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Symptom appraisal and healthcare-seeking for symptoms suggestive of colorectal cancer: a qualitative study

Overview of attention for article published in BMJ Open, January 2015
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About this Attention Score

  • In the top 25% of all research outputs scored by Altmetric
  • Good Attention Score compared to outputs of the same age (79th percentile)
  • Good Attention Score compared to outputs of the same age and source (66th percentile)

Mentioned by

twitter
8 tweeters

Citations

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25 Dimensions

Readers on

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42 Mendeley
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Title
Symptom appraisal and healthcare-seeking for symptoms suggestive of colorectal cancer: a qualitative study
Published in
BMJ Open, January 2015
DOI 10.1136/bmjopen-2015-008448
Pubmed ID
Authors

N Hall, L Birt, J Banks, J Emery, K Mills, M Johnson, G P Rubin, W Hamilton, F M Walter, Hall, N, Birt, L, Banks, J, Emery, J, Mills, K, Johnson, M, Rubin, G P, Hamilton, W, Walter, F M

Abstract

Timely diagnosis of colorectal cancer is important to improve survival. This study explored symptom appraisal and help-seeking among patients referred to specialist services with symptoms of colorectal cancer. Qualitative in-depth interview study. Participants were recruited on referral to gastroenterology clinics (North East and East of England); interviews were conducted soon after referral. We purposively sampled participants to ensure a range of accounts in terms of age, sex, diagnosis and geographical location. Data collection and analysis were underpinned by the Model of Pathways to Treatment. Framework analysis was used to explore the data within and across cases, focusing on patient beliefs and experiences, disease factors and healthcare influences. 40 participants were interviewed (aged 43-87 years, 17 women, 18 diagnosed with colorectal cancer). Patients diagnosed with and without colorectal cancer had similar symptom pathways. We found a range of interacting and often competing biopsychosocial, contextual and cultural influences on the way in which people recognised, interpreted and acted on their symptoms. People attempted to 'maintain normality' through finding benign explanations for their symptoms. Bodily changes were appraised within the context of usual bowel patterns, comorbidities and life events, and decisions to seek help were made in relation to expectations about the course of symptoms. The 'private nature' of colorectal cancer symptoms could affect both their identification and discussions with others including healthcare professionals. Within the context of the National Health Service, people needed to legitimise appropriate use of healthcare services and avoid being thought of as wasting doctors' time. Findings provide guidance for awareness campaigns on reducing stigma around appraising and discussing bowel movements, and the importance of intermittent and non-specific symptoms. Altering perceptions about the appropriate use of health services could have a beneficial effect on time to presentation.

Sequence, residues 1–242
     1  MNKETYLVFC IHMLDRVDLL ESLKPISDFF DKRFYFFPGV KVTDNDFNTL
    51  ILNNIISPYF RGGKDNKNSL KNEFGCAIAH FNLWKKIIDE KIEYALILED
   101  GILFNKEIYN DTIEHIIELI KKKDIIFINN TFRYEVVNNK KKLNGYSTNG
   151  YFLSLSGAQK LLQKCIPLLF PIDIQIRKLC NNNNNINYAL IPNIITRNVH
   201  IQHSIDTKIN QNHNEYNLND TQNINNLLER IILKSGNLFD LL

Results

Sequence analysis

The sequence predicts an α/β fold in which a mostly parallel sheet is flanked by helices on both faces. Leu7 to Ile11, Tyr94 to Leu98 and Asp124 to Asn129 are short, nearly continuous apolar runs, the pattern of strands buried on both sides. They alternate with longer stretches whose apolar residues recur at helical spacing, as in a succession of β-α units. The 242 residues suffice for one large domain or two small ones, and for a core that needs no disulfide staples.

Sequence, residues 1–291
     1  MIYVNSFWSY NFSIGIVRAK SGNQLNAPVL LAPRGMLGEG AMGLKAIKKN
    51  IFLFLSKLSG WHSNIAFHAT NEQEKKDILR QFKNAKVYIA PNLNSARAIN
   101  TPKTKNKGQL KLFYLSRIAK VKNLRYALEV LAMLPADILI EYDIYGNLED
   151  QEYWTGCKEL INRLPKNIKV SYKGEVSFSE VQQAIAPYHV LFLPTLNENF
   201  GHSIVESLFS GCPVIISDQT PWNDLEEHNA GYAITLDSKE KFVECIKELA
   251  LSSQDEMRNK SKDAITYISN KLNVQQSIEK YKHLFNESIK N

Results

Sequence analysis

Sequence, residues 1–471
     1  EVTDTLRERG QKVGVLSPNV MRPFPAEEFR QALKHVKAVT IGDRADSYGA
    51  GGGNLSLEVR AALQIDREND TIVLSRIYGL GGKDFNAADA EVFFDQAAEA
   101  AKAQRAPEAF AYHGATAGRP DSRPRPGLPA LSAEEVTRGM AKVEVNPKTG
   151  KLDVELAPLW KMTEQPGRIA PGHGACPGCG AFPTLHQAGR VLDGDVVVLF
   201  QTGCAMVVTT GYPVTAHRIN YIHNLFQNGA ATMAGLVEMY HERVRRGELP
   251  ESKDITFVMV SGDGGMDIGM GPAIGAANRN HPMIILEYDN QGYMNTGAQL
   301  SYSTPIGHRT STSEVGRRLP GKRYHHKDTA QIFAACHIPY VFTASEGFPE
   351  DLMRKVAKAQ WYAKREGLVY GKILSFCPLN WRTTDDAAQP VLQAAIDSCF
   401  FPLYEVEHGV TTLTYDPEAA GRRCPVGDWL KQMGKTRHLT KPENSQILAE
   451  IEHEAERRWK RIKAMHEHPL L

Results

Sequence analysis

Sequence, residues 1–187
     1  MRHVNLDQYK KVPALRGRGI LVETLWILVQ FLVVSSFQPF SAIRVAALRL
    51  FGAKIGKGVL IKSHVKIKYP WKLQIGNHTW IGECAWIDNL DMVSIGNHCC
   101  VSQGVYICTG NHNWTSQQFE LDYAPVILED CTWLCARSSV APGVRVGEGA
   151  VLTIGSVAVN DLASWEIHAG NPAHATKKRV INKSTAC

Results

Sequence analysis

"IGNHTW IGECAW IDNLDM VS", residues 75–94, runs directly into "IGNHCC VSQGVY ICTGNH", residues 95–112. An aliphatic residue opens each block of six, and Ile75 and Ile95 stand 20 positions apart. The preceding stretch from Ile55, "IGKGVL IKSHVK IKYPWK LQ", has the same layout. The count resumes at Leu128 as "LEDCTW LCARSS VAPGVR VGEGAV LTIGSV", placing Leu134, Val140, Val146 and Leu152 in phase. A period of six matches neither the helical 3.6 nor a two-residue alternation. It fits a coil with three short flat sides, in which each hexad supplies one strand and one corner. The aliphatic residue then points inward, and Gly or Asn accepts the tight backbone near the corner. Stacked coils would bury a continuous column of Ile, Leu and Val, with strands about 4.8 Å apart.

Twitter Demographics

The data shown below were collected from the profiles of 8 tweeters who shared this research output. Click here to find out more about how the information was compiled.

Mendeley readers

The data shown below were compiled from readership statistics for 42 Mendeley readers of this research output. Click here to see the associated Mendeley record.

Geographical breakdown

Country Count As %
Spain 1 2%
Unknown 41 98%

Demographic breakdown

Readers by professional status Count As %
Student > Ph. D. Student 14 33%
Researcher 7 17%
Unspecified 5 12%
Other 5 12%
Student > Master 3 7%
Other 8 19%
Readers by discipline Count As %
Medicine and Dentistry 12 29%
Unspecified 10 24%
Psychology 8 19%
Nursing and Health Professions 8 19%
Social Sciences 2 5%
Other 2 5%

Attention Score in Context

This research output has an Altmetric Attention Score of 7. This is our high-level measure of the quality and quantity of online attention that it has received. This Attention Score, as well as the ranking and number of research outputs shown below, was calculated when the research output was last mentioned on 16 October 2015.
All research outputs
#879,594
of 6,258,277 outputs
Outputs from BMJ Open
#1,410
of 4,361 outputs
Outputs of similar age
#39,460
of 194,307 outputs
Outputs of similar age from BMJ Open
#112
of 331 outputs
Altmetric has tracked 6,258,277 research outputs across all sources so far. Compared to these this one has done well and is in the 85th percentile: it's in the top 25% of all research outputs ever tracked by Altmetric.
So far Altmetric has tracked 4,361 research outputs from this source. They typically receive a lot more attention than average, with a mean Attention Score of 15.0. This one has gotten more attention than average, scoring higher than 67% of its peers.
Older research outputs will score higher simply because they've had more time to accumulate mentions. To account for age we can compare this Altmetric Attention Score to the 194,307 tracked outputs that were published within six weeks on either side of this one in any source. This one has done well, scoring higher than 79% of its contemporaries.
We're also able to compare this research output to 331 others from the same source and published within six weeks on either side of this one. This one has gotten more attention than average, scoring higher than 66% of its contemporaries.